This weekend my husband and I attended the Mid-American Dorper Sheep Show and Sale located in Duncan, Oklahoma. We attempt to attend this event each years. It is the nearest Dorper event to where we live. At this event Dorper and White Dorper sheep are shown and sold at auction.
The show and sale are for registered fullblood or pureblood Dorpers and White Dorper sheep. The sheep in the show and sale are to be breeding stock Dorpers. The classes are divided into Dorper Rams, Dorper Ewes, White Dorper Rams, White Dorper Ewes, and Pens of Three Ewes for Dorper and White Dorper breeds. Each class of sheep are divided by age into groups, then those groups divided into classes of 30 or less sheep. There were hundreds of sheep being shown for each breed. More than the previous year.
I watched most of the classes. Overall I was pleased with the exhibition of Dorper sheep. There were some sheep who clearly should have not been at the show or sale, as there was too much white heads and ears of a few sheep. The pigment of the skin on both Dorper and especially White Dorper sheep was missing. There were large and small sheep farms not culling their breeding stock to maintain the Dorper and White Dorper standard. Important note for those beginning to raise a registered breed of sheep for breeding stock, do the breed a justice by culling those who are not the best match for the best of the breed standard.
Some sheep farmers strive to produce sheep meeting the highest quality of the breed stand on all aspects. There are some who only breed the sheep to win and sale at the Dorper events.
I strive with the breeding stock, to have the best sheep representing the breed. I sale mostly commercial breeding stock, the sheep I feel are not the best representative of the Dorper standard, but will produce a good lamb to place on the dinner table. I work at improving both the seed or breeding stock and the commercial stock with each mating.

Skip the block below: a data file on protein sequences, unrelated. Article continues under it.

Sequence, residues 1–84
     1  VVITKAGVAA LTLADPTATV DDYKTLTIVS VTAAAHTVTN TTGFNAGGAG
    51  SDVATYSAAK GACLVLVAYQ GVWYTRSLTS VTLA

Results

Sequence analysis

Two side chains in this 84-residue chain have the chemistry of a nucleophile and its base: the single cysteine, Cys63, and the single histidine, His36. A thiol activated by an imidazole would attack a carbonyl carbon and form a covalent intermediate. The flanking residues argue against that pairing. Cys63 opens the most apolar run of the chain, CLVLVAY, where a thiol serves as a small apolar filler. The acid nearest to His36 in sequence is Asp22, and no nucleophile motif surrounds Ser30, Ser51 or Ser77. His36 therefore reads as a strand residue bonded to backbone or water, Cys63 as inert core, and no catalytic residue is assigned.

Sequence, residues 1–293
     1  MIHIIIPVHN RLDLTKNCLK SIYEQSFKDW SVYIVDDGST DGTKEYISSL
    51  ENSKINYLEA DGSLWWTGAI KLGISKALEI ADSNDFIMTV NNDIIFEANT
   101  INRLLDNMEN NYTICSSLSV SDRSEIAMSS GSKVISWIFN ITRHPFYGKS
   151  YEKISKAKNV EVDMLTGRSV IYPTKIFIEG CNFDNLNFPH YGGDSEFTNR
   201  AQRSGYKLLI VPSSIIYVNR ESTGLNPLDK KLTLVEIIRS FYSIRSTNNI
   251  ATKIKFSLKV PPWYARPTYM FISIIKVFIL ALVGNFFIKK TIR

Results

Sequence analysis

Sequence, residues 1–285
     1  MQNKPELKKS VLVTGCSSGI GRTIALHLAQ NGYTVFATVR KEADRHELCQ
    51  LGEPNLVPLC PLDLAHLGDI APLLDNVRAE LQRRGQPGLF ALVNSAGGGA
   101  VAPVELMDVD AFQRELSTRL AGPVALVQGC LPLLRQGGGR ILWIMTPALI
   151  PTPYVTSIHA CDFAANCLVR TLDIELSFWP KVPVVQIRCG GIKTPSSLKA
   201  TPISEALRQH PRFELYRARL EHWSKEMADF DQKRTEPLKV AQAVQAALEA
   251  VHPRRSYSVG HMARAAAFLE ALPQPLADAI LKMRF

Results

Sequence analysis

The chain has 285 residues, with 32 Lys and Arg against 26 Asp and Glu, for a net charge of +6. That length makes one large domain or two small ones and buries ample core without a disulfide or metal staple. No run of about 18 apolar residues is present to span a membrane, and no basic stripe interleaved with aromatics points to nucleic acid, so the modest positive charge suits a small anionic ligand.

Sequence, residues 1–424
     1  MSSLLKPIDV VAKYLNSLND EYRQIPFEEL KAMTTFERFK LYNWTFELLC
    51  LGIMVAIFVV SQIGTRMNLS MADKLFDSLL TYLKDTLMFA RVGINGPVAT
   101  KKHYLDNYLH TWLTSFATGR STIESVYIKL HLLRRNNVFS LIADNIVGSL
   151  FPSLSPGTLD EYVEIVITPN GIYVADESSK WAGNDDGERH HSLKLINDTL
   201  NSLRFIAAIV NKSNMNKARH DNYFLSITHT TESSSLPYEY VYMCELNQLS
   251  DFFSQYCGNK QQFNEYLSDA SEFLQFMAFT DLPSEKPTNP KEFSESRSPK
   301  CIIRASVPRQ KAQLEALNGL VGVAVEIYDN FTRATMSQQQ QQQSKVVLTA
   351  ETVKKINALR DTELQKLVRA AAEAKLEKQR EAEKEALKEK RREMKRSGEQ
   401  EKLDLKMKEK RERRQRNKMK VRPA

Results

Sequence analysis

We had fun meeting up with friends we have made who raise Dorper sheep and making some new ones. One of the main focuses for me at these events is to see the improvement of bloodlines from my friends and those sheep farmers showing for the first time at the event.
The sale was good. Some of the sheep went for way more than I thought they should have sold for, some for less. Beauty is in the eye of the beholder. The saying is true of those buying sheep.
I am very selective of which sheep farms I purchase sheep from, especially at auctions. I did purchase three purebreed ewes from a sheep farmer we have known for five years. He was thrilled we purchased his sheep. I am glad to have them in my flock.
Some of the sheep farmers only income is raising and selling sheep at Dorper and White Dorper only events. I choose to be more diverse. I raise sheep for breeding farms who want to show and sell at these type of events. But I also have breeding sheep for commercial only sheep farmers who want to raise a fast growing market lamb. All my sheep go through evaluation, registered or not I will cull those who I do not think are good enough for breeding to be market sheep for someone’s table.
When selecting sheep for breeding, from shows and sales or the individual farmer and yourself, the critical eye is very vital. Sentiment and emotions have no place when selecting an animal for the breeding seed stock flock. There is nothing wrong with sending a less than breeding stock quality lamb to the slaughter.
Critical culling is the best tool for improving your genetics and improving your sheep.